Inherent end-to-end encryption support

The SPDY protocol that is to underpin HTTP 2.0 also provides support for end-to-end transport-layer encryption. But Microsoft wanted this feature to be optional so it is implemented according to the needs, such as a blog not needing encryption whereas an Internet banking or device management Web page would need this level of encryption.

But I would also like to support in this feature the ability not just to encrypt data but to authenticate the same data using a digital signature. Here, it could permit users to be sure that the Web site they are visiting or the file they are downloading is authentic and would be especially of importance with field-updated BIOS and firmware deployments, as I raised in my commentary about a lawsuit involving HP concerning this practice and its security ramifications.

Caching support at network level

Another feature that is being proposed is to provide for network-level caching of HTTP data. This is intended to provide for environments like mobile networks where it could be desirable to cache data in the service network rather than on the user’s mobile device; rather than introducing proxy servers to provide this kind of caching.

It will also allow mobile and embedded devices to avoid the requirement to have Web caches for quick loading of Web pages. Of course this will not be needed for those Web pages that have regularly-updated data such as Web dashboards, Web mail or similar applications.

Other issues

It also is worth investigating whether the HTTP 2.0 standard could support applications like client-server email delivery or advanced document authoring such as version control.

Of course this development will take a long time to achieve and will require some form of HTTP 1.x backward compatibility so there isn’t the loss of continuity through an upgrade cycle.

A logo for IPv6 readiness has now arrived for network hardware and services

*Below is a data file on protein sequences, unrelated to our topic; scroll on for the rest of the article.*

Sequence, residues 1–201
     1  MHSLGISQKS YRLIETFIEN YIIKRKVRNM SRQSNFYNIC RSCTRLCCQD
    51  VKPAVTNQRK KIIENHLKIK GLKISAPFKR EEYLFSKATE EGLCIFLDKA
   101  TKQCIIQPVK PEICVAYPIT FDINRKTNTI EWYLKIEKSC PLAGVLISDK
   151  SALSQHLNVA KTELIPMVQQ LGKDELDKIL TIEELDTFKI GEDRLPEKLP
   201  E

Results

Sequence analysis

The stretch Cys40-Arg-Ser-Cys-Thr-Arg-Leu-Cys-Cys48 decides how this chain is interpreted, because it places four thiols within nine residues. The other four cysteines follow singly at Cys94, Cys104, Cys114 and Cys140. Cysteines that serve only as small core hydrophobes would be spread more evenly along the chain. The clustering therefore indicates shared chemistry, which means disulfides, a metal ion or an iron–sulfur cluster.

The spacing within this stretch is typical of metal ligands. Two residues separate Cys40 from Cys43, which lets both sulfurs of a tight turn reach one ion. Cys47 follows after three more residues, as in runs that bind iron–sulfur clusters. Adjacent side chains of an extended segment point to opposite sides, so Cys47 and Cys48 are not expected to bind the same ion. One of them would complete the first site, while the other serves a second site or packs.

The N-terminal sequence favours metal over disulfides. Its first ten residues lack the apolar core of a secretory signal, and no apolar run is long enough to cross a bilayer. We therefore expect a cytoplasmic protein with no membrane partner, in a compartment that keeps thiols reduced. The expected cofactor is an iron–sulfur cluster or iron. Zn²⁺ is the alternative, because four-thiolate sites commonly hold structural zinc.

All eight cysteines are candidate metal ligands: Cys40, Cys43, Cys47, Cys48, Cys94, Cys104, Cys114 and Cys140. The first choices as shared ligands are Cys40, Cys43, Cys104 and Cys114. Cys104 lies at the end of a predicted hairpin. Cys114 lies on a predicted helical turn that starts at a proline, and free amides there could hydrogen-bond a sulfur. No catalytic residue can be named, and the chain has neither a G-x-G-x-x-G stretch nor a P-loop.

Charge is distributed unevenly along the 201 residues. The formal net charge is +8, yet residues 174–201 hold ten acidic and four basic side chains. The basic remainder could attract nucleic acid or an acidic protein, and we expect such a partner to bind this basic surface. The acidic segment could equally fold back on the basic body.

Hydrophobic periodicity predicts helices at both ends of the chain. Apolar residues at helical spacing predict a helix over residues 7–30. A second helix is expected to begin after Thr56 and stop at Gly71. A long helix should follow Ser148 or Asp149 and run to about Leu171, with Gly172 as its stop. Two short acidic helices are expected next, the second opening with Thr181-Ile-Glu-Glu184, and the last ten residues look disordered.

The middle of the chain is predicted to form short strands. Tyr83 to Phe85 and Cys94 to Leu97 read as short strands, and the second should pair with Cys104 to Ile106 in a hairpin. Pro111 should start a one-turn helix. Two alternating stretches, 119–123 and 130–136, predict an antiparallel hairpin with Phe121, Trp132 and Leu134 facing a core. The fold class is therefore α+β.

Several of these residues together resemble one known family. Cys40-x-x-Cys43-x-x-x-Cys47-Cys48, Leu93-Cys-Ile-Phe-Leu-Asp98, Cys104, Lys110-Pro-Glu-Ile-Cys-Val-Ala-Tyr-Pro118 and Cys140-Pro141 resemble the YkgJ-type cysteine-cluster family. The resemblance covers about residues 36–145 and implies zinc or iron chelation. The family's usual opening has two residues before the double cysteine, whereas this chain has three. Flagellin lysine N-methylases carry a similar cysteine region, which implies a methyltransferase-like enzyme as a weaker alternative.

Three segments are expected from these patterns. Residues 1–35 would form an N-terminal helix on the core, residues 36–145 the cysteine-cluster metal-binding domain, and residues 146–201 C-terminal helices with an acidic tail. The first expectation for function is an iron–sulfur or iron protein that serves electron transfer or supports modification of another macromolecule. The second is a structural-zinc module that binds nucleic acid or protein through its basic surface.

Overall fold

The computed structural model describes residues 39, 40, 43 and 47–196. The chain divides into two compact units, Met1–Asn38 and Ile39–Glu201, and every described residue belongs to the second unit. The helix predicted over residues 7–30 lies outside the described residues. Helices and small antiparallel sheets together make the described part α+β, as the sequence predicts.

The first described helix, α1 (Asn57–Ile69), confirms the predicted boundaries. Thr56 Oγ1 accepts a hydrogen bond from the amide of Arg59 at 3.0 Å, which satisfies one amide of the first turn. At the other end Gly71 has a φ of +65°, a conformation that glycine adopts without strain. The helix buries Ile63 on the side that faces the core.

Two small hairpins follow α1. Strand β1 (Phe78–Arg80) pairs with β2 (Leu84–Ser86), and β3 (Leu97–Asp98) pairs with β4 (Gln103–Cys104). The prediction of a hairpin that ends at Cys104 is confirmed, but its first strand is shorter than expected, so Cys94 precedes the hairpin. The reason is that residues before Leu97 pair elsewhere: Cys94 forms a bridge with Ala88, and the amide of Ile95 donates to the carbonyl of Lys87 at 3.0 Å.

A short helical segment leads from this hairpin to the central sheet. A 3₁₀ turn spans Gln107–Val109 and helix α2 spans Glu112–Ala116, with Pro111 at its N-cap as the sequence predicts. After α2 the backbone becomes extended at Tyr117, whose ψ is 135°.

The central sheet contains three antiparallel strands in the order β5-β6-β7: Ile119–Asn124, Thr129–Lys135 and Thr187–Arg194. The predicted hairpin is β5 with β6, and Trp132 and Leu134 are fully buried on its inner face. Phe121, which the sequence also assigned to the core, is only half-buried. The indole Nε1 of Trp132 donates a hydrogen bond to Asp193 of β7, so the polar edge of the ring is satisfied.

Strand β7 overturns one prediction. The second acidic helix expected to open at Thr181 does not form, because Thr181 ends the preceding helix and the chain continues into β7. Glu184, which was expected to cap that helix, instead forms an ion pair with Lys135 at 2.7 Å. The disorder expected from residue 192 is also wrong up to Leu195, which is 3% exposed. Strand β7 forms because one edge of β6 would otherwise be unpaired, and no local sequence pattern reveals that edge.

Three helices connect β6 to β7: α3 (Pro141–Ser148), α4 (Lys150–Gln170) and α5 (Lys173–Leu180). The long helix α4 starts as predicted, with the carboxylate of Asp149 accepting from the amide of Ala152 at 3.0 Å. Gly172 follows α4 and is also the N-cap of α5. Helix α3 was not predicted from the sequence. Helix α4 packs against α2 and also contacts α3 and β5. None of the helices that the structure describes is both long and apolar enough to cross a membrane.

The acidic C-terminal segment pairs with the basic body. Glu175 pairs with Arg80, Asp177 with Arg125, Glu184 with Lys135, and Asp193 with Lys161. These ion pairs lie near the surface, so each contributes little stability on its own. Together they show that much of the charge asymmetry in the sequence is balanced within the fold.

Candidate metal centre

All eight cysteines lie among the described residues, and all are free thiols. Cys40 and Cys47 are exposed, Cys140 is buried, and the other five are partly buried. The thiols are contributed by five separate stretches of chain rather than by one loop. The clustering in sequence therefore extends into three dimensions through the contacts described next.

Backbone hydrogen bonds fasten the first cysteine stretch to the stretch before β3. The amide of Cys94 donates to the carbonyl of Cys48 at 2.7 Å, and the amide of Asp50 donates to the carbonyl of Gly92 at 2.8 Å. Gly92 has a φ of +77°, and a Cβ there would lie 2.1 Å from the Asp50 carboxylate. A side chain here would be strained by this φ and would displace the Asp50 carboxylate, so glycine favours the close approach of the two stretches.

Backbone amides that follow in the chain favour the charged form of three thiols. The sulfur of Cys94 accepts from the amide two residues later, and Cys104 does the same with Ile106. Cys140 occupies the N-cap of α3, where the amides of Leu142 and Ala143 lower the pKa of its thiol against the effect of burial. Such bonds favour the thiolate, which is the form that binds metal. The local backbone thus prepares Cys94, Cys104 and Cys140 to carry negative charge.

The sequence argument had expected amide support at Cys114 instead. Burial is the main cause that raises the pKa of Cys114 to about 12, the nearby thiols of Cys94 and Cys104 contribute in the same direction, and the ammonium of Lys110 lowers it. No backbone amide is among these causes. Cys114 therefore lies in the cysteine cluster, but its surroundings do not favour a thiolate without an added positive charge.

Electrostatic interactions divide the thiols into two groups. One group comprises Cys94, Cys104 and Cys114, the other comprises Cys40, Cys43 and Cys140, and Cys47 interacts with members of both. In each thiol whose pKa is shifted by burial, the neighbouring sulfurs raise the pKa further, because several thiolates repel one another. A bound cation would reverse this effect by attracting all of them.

After all of the PR that has occurred around IPv6, which I have discussed previously on this site, there will be consumer and small-business demand for computer and network hardware and software that supports IPv6. This will be made more real when people subscribe to fibre-based next-generation broadband Internet or sign up with ISPs that offer any form of “cutting-edge” Internet service.

What will typically need to happen for most small networks is for the network equipment, especially the router that sits at the edge of the network, to support IPv6 in a dual-stack form. This may be achieved through a firmware update for most recently-issued existing equipment or will be part of recently-sold equipment.

Of course, a router manufacturer may say that their equipment is ready for the new standard but is it really ready when the ISP enables this technology? This includes interoperability with other IPv6 and IPv4 network equipment, whether the equipment works on one of the standards or is “dual-stacked” to work on both standards.

The IPv6 Forum (http://www.ipv6forum.org/) have established a logo program with a Website called “IPv6 Ready” (http://www.ipv6ready.org/). What you will be looking for is a yellow logo with “IPv6” on the router’s box. You can also check your device’s readiness on the IPv6 Ready website. At the moment, the logo list mostly points to OEM devices or software stacks rather than finished devices under their marketing names. But this logo will typically be found in the marketing literature for the device or on the device itself or its packaging.

This logo proves that the device conforms to IPv6 standards as a network hub or endpoint and works properly with other IPv6 and IPv4 devices on the Internet. This is facilitated by the device or software having to successfully complete a round of compatibility and interoperability tests in accredited testing laboratories before being authorised to display the logo.

There is also an IPv6-enabled logo for Web pages and ISPs that provide IPv6 access with the program at this site (http://www.ipv6forum.org/ipv6_enabled/). The Web-page program is underway and open to Webmasters who want to be sure their Website is future proof. It covers resolving of the URL to an IPv6 address as well as all-the-way IPv6 http access to that site.

The problem with all these logo programs is that there isn’t the customer-facing education that encourages customers to prefer equipment or services that are future-proof with IPv6. The services program could be augmented through promotion of IP services that are ready to provide IPv6 as a standard-issue service than something that you ask for. This also includes the service being enabled by default if a customer connects a dual-stack router to the service.

As the “World IPv6 Day” and similar campaigns gain traction, it will become the time for consumers and small-business owners to consider the benefits of the new IPv6 technology and what it offers.